The Weimar Republic (1919–1933) removed these, as they might promote separatism which would lead to the dissolution of the German nation-state into regional countries again.[36] When the Nazis came to power, they rejected the democratic German colours of black-red-gold used by the Weimar Republic. Nazis reintroduced the imperial colours (in German: die kaiserlichen Farben or Reichsfarben) of black on the outside, white next, and a red center. The Nazi government used black-white-red on all army caps.[37] These colours represented the biggest and the smallest countries of the Reich: large Prussia (black and white) and the tiny Hanseatic League city states of Hamburg, Bremen and Lübeck (white and red).

France began the first Air Service in 1909 and soon picked the traditional French cockade as the first national emblem, now usually termed a roundel, on military aircraft. During World War I, other countries adopted national cockades and used these coloured emblems as roundels on their military aircraft. These designs often bear an additional central device or emblem to further identify national aircraft, those from the French navy bearing a black anchor within the French cockade.[38]

Hungarian revolutionaries wore cockades during the Hungarian revolution of 1848 and during the 1956 revolution. Because of this, Hungarians traditionally wear cockades on 15 March.[39][40]

Confederate States

Echoing their use when Americans rebelled against Britain, cockades – usually made with blue ribbons and worn on clothing or hats – were widespread tokens of Southern support for secession preceding the American Civil War of 1861–1865.[41]

List of national cockades

Cockade on the caps of certified persons serving in the pilot service of Russia, 1913.

See also: Military aircraft insignia

Below is a list of national cockades (colors listed from center to ring):[42][43]

and date
Description Image
 Albania red-black-red
 Argentina sky blue-white-sky blue
 Armenia orange-blue-red
before 1918
since 1918
 Azerbaijan green-red-light blue
 Belgium black-yellow-red
green-red-green (with a white 5 pointed star in the center)
 Bolivia green-yellow-red
 Brazil blue-yellow-green
 Bulgaria red-green-white
 Chile blue-white-red (with a white 5 pointed star in the blue portion)
 Colombia yellow-blue-red
 Croatia red-white-blue
 Czech Republic blue-red-white
(early 19th century)
 Denmark red-white-red
 Ecuador red-blue-yellow
 Egypt black-white-red
 Estonia white-black-blue
(until 1936)
 Ethiopia red-yellow-green
 Finland white-blue-white
(1794–1814, 1815 and current since 1830)
(before 1794, 1814–1815 and 1815–1830)
 Gabon green-yellow-light blue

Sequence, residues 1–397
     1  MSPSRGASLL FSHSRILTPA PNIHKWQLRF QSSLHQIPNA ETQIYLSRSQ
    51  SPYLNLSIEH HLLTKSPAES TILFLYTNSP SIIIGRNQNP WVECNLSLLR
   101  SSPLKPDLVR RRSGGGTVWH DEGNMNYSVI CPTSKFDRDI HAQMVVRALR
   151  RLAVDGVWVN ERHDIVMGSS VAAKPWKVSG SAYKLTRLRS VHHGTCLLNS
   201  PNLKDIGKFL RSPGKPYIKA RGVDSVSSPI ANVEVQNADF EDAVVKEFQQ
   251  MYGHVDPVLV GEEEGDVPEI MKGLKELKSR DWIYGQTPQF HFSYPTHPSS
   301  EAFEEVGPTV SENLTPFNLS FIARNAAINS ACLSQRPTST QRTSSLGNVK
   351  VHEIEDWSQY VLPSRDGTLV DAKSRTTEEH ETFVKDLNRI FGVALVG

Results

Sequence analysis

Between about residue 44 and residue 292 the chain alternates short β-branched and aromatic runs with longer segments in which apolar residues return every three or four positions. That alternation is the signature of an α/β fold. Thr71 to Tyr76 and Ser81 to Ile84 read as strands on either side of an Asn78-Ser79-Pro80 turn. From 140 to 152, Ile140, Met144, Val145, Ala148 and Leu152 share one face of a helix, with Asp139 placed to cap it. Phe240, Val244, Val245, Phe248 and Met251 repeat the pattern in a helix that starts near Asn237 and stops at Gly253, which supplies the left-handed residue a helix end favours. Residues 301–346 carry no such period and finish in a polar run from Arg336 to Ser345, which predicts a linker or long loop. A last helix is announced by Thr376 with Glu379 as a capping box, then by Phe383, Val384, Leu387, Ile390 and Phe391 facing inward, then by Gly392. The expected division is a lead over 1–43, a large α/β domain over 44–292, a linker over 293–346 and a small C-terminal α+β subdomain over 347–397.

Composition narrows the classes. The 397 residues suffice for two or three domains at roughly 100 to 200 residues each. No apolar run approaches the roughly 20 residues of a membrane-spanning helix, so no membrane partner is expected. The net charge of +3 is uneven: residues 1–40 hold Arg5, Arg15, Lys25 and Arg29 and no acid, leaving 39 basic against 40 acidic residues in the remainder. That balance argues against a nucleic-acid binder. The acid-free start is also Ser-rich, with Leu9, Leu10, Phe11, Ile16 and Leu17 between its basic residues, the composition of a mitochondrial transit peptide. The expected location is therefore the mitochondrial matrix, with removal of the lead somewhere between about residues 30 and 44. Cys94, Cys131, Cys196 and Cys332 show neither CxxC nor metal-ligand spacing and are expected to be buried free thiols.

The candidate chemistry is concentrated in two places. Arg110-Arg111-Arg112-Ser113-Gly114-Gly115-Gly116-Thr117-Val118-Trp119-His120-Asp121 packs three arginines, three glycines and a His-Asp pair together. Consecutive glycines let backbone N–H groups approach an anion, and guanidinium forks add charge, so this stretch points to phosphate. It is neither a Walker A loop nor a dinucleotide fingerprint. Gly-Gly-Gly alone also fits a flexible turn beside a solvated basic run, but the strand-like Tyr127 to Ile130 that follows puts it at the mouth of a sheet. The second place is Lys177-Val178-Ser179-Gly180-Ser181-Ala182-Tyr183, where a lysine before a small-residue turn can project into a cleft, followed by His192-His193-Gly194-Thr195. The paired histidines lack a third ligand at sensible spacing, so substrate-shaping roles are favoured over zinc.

black-white-wine red
 German Confederation
 German Empire (1871–1918)
 Weimar Germany (1918–1933)
 Nazi Germany (1933–1945)
 East Germany
 Germany black-red-gold
 Ghana green-yellow-red
 Greece blue-white
 Hungary green-white-red
 Iceland blue-white-red-white-blue
 India green-white-saffron
 Iran red-white-green
(until 1922)
green or sky blue
(since 1922)
savoy blue
(since 1948)
 Japan red-white
 Kenya green-white-red-white-black
 Latvia carmine-white-carmine
 Lithuania red-green-yellow
 Mexico green-white-red
 Monaco white-red-white
 Netherlands orange
 Nigeria green-white-green
 Norway red-white-blue-white
 Pakistan white-green-yellow
 Paraguay blue-white-red
Peru Peru red-white-red
Philippines Philippines
 Poland red-white
Portugal Portugal
(1797–1820 and 1823–1830)
Portugal Portugal
(1821–1823 and 1830–1910)
 Portugal green-red
 Romania blue-yellow-red
Russia Russia
(until 1917)
 Russia black-orange-black-orange
 San Marino white-blue
 Serbia red-blue-white
Seychelles Seychelles
 Sierra Leone light blue-white-green
 Slovenia red-blue-white
(until 1843 and 1844–1871)
(1843–1844 and current since 1871)
 Thailand red-white-blue-white-red
South Africa Transvaal green-red-white-blue
 Turkey red-white-red
 Ukraine light blue-yellow
 United Kingdom white (Stuart dynasty), black (Hanoverian dynasty), red-white-blue
 United States
(War of Independence)
 United States
(19th century)
blue with an eagle in the centre
 United States white-blue-red
Uruguay Uruguay
sky blue
Uruguay Uruguay
Uruguay Uruguay
blue-white-blue with a red diagonal line
Uruguay Uruguay
 Venezuela red-blue-yellow
 Yugoslavia blue-white-red

Component states of the German Empire (1871–1918)

Cockades of the German Empire

The German Empire had, besides the national cockade, also cockades for several of its states,[44] seen in the following table:

State Description
Anhalt green
Baden yellow-red-yellow
Bavaria white-sky blue-white
Brunswick blue-yellow-blue
Hanseatic cities (Bremen, Hamburg, Lübeck) white with a red cross
Hesse white-red-white-red-white
Lippe yellow-red-yellow
Mecklenburg-Schwerin and -Streliz red-yellow-blue
Oldenburg blue-red-blue
Prussia black-white-black
Reuss-Gera and -Greiz black-red-yellow
Saxe-Altenburg, -Coburg and Gotha and -Meiningen green-white-green
Saxe-Weimar black-yellow-green
Saxony white-green-white
Schaumburg-Lippe blue-red-white
Schwarzburg-Rudolstadt blue-white-blue
Schwarzburg-Sonderhausen white-blue-white
Waldeck black-red-yellow
Württemberg black-red-black

See also


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  2. ^ "The American Heritage Dictionary entry: Cockade".
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  5. ^ Mollo, John (1972). Military Fashion. p. 22. ISBN 0-214-65349-8.
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Further reading